for com­mu­ni­cat­ing the vi­sion of the com­pany in thought, word and ac­tion to end con­sumers. Many a time this team is de­void of even the ba­sic com­pany his­tory and emer­gence, let alone prod­uct knowl­edge and sell­ing skills. They func­tion with lit­tle in­for­ma­tion which they have mem­o­rised over the years. So ques­tions on di­a­mond qual­ity al­ways elicit a re­sponse learnt by rote about qual­ity and colour, and a query on Hall­mark­ing al­most al­ways gen­er­ates a stan­dard re­sponse that it is ‘BIS ap­proved’.

Store man­agers: Bur­dened with the task of de­liv­er­ing sales tar­gets, they don’t re­alise that their job ac­tu­ally means run­ning a suc­cess­ful re­tail op­er­a­tion be­yond sales. So a lot of am­bi­gu­i­ties in op­er­a­tional pro­ce­dures, mis­match of stock re­quire­ments and al­lo­ca­tions, wrong mer­chan­dise in coun­ters, in­abil­ity to build and nur­ture sales team be­cause of per­sonal in­se­cu­ri­ties are some of the fac­tors that don’t al­low for ef­fec­tive store man­age­ment and so for the brand ex­pe­ri­ence one has to rely only on lofty ad­ver­tis­ing cam­paigns.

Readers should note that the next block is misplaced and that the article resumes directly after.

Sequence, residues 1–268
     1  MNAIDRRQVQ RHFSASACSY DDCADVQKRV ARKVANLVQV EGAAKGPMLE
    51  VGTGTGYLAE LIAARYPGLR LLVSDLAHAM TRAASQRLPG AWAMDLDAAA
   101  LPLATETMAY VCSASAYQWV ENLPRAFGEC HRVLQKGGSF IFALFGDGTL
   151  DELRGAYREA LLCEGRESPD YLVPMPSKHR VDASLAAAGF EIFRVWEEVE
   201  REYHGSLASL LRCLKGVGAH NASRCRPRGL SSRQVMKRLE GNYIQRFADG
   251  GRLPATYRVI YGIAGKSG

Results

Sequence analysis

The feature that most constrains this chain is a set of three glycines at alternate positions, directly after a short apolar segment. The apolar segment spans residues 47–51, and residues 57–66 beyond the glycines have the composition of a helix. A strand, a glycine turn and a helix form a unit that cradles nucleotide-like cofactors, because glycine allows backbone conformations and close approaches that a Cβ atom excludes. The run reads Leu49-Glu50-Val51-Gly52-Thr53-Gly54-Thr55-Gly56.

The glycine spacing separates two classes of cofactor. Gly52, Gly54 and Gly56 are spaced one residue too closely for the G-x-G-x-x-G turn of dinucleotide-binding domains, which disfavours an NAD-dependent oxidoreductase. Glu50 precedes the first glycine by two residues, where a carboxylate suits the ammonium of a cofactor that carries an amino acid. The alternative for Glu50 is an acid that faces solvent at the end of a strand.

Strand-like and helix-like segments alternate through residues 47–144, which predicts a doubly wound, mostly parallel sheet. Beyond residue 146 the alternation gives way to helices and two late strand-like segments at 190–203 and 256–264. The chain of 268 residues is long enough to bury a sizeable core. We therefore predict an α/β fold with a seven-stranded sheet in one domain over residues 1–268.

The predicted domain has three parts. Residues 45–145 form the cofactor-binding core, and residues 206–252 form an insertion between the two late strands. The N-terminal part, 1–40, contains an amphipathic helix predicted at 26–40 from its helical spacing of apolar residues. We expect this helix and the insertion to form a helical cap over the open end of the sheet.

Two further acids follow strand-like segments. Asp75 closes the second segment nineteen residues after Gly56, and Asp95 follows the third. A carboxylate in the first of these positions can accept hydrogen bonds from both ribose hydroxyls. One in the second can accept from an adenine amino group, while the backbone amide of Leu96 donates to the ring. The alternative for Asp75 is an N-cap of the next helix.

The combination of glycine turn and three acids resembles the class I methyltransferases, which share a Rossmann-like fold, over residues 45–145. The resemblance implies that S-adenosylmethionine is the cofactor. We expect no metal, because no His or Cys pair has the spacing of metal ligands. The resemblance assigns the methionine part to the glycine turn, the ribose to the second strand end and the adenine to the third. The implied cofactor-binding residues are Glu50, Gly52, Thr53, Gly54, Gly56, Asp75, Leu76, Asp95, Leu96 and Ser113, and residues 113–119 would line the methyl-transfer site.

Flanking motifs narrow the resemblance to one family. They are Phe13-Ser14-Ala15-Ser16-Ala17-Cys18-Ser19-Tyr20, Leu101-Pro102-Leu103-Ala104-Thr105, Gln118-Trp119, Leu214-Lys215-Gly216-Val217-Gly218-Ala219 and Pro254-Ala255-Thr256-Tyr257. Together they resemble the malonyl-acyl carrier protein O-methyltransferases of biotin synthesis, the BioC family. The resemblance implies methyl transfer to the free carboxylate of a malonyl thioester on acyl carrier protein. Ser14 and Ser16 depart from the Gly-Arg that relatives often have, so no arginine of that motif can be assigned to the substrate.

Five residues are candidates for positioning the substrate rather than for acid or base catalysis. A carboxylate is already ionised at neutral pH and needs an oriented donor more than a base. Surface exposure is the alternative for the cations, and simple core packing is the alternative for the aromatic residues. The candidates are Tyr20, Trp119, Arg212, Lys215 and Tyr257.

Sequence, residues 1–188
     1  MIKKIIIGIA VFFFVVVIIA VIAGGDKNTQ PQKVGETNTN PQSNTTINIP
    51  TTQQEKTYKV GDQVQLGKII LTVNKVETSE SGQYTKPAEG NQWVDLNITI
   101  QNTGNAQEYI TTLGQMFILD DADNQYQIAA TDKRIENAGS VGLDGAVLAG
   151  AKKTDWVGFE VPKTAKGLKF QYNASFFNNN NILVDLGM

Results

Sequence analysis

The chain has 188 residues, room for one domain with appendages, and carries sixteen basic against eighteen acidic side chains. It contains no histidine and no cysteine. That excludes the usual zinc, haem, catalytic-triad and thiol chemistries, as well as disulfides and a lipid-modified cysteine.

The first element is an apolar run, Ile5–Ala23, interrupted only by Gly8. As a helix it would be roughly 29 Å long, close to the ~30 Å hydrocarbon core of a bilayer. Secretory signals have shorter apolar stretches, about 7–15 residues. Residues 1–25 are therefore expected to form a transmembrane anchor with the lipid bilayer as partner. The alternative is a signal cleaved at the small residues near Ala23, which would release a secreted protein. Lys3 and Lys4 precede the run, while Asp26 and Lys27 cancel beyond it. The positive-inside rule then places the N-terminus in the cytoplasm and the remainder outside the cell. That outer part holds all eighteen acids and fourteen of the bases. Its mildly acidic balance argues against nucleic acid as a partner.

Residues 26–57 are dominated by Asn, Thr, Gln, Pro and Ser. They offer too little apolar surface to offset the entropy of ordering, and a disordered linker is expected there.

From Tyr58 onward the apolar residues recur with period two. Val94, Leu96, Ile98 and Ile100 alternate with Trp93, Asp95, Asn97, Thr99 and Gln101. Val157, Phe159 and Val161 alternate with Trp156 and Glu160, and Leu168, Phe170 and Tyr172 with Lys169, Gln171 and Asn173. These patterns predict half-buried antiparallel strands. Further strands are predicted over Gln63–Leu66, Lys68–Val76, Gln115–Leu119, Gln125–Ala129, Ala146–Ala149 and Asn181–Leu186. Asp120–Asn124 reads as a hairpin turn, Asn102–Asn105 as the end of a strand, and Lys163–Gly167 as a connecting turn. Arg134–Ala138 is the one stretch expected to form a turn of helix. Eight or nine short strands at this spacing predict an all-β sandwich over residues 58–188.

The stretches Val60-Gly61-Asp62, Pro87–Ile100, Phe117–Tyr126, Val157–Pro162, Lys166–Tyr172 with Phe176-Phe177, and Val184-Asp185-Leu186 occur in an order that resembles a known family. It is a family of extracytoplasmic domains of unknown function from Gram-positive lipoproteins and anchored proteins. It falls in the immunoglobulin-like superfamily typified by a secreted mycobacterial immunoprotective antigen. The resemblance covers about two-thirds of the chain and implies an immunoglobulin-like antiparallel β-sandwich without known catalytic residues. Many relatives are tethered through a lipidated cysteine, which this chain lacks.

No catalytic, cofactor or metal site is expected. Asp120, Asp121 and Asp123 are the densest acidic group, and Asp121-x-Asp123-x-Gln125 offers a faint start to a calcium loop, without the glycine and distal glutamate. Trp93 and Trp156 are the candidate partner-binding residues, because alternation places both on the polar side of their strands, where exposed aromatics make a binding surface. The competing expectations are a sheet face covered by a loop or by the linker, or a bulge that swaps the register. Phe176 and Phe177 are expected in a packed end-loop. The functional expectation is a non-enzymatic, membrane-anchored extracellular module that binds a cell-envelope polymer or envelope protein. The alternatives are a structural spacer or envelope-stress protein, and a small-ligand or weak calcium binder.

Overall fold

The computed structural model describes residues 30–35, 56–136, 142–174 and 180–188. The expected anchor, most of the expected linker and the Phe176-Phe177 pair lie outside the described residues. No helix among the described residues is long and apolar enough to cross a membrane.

De­part­men­tal man­agers: Core func­tions like mer­chan­dis­ing, mar­ket­ing, in­ven­tory, EDP, per­son­nel and HR, ac­counts, fi­nance, projects, etc., are all headed by ex­pe­ri­enced peo­ple, who, more of­ten than not, are from other in­dus­tries. A ba­sic ori­en­ta­tion

pro­vided to th­ese peo­ple of the jew­ellery in­dus­try and of the prod­uct tech­ni­cal­i­ties would give them so much more con­fi­dence to head their de­part­ment, whereas they oth­er­wise look to other des­ig­nated peo­ple for the ba­sic in­for­ma­tion on prod­uct break­down.